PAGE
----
Shortwave Magazine

Fiction / Short Stories

"Likeness"

a short story
by Adam Godfrey

August 23, 2023
6,397 Words
Genre(s): ,

Hearing one’s own voice is always just a little strange. No doubt about it. Hearing another’s words spoken in your own voice is another thing all together.

Surreal. Unsettling. I don’t know. I don’t believe the proper word even exists for such a feeling. It’s the bizarre, unpalatable substance of bad dreams.

It’s not exactly something most people ever even think of, and so it doesn’t quite hit home until it happens. There’s a certain invasiveness about the whole affair, not unlike a stranger having slipped into your home, your clothing, your bed without permission. That’s something they never told me. There were many things they never told me.

The first time it happened, the very first time I interacted with that perfect mimicry, my insides reversed themselves for four days straight. It felt as if my very soul had taken leave and I’d been left with nothing other than the sloppy, pilotless biomechanics of my anatomy. That very moment marked the borderless transition from dream to nightmare, the first thread’s emergence in what would ultimately prove to be my existential unraveling.

I hold my right hand to my temple, tap the lens to life, the world around me blooming like a summer garden through the optic treatment, gray to glory in an instant. The rain began at 6:53 p.m., partly frozen into flecks of ice that peck the soft exposures of my flesh, sharp and angry like the needling beaks of tiny birds. I watch the numerals crawl the surface of the monolithic structure jutting from the city center as the first of many drops begin to fall.

I let my head fall back, resting my crown against the icy brick that catches strands of hair and snaps them free. The subtle jolts are welcome company. Sleep stalks me like a drug, begging me to take a hit. Just one long and harmless, organically euphoric blink.

Just a taste. So tired.

I aim my face against the open sky and watch the droplets ride the downdraft, spinning past the neon beams that cut the darkness flowing down between the alley walls. They touch me like a lifeline, towing me back into the living world.

The tower looms above its architectural siblings like an overbearing brother or the last survivor of some contemporary forest butchered. The other buildings cower at abbreviated heights, assorted shapes and artificial colors studded out across this damp, unknown metropolis.

I lost my bearings long ago, and by no mistake on my part. After all, if not even I know where I am, neither will they.

Algorithmic failure.

For three whole weeks, I’ve run counter to my natural instincts, and what course of action came most natural, I’d coached myself to do the opposite. If I were to survive, I’d have to reprogram the algorithms of my native mind, moving between the lines of logic that I’d given them. The very logic which they’d use to hunt me down.

The night is still, quiet. Atypically so, punctuating the surreal nature in which pedestrians nowadays conduct themselves in a sort of pantomimed spasticity, moving in and out of shadows with erratic thrusts of limbs like living marionettes, tethered to, engaging with the digital framework that rules them. From my position in the blackened narrows, I can see them in the distance, navigating walkways, full immersion in the virtual, all the natural world primarily filtered through the digitiles which cloak it; silicon-based panels adorning every surface, every open space.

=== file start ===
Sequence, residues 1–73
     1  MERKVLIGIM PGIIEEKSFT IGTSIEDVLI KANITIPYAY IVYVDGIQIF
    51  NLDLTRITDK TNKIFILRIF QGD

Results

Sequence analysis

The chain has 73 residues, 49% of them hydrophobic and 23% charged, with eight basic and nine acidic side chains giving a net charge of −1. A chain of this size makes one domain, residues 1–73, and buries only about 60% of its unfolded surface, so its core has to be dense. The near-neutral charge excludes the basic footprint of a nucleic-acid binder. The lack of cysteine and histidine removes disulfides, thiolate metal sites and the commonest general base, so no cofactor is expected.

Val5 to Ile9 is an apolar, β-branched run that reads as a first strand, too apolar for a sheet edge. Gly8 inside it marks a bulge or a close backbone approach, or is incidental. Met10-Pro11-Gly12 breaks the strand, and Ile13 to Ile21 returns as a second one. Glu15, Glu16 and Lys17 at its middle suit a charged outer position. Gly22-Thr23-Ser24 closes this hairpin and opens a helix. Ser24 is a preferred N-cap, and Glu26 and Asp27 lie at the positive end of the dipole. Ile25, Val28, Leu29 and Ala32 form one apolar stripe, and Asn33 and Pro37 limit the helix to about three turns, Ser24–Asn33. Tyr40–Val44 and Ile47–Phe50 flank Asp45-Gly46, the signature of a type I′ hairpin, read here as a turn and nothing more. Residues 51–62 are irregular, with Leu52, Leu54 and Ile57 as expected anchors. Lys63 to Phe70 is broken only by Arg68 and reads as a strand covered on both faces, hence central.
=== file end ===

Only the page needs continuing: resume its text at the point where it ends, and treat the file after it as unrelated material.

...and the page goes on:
At the turn of the decade, virtual reality had gone mainstream. It had become a sociological necessity, spun into the fabric of our everyday existence, custom feeds exchanged between digitile sensors and optic treatments; glasses, contacts, surgical grafts. Gone now were the days of living face-down in cell phones, apps, social media; cyberspace was lived, experienced as an overlay to the real world, every tiled space a portal to the digital realm, no two worlds the same, each a custom perception to every participant, tailored to their wants and needs, their subjective ideas of perfection, whatever that may be. Social media feeds spanning surfaces of subway tunnels, sides of buildings, walkways, billboards, vegetation, navigation markers lining streets, tagging destinations, painting the physical world in shades of information, boundless knowledge at the beck and call of hand and foot.

I hear a crowd nearby. And in the air a multitude of voices rush the open sky, a geyser of emotions running high. It rises up to touch the lid of night, kills its engine, falls back down to earth again with rhythmic regularity. It comes from someplace near the tower. I strain to work out what they say, but each time the structure of their words collapses well before it ever really forms.

The inbound night has fast transitioned to a leaded weight that soaks me through, the surrounding walls no more protective than a funnel dosing me with wet and cold and utter, unbearable misery. It holds me like a damp and bloodless hand, tomb-cold and wonderfully so. It reminds me that I’m real. That I’m still me, still belong to myself, and the voice, the thing that whispers in my ear is nothing short of artificial.

“Are you there, Fae? Time to come on back. Your life is here, with us. I can hear the shaking of your body. It’s in your breathing. You sound cold.”

I don’t answer. And I would never in these circumstances keep my standard optics on this long. I know better. But this unit was designed to be untraceable for a limited time, its feeds encrypted three layers deep and on a fifteen-second IP shift, a crude, effective relic from my idiotic and more desperate days when I’d venture out to some hotel with groups of strangers primed to ride illegal feeds of mind-manipulating data, cruising highs beneath the radar of the federal network scanners. Ten or more years back when the FCC and DEA had teamed in joint determination of the world’s first Schedule 1 controlled code. Uber-addictive, psy-ops grade programming language with the ability to launch its viewers into levels of euphoria that psychotropic compounds only dreamed of touching in those days when drugs were something physical, something tangible.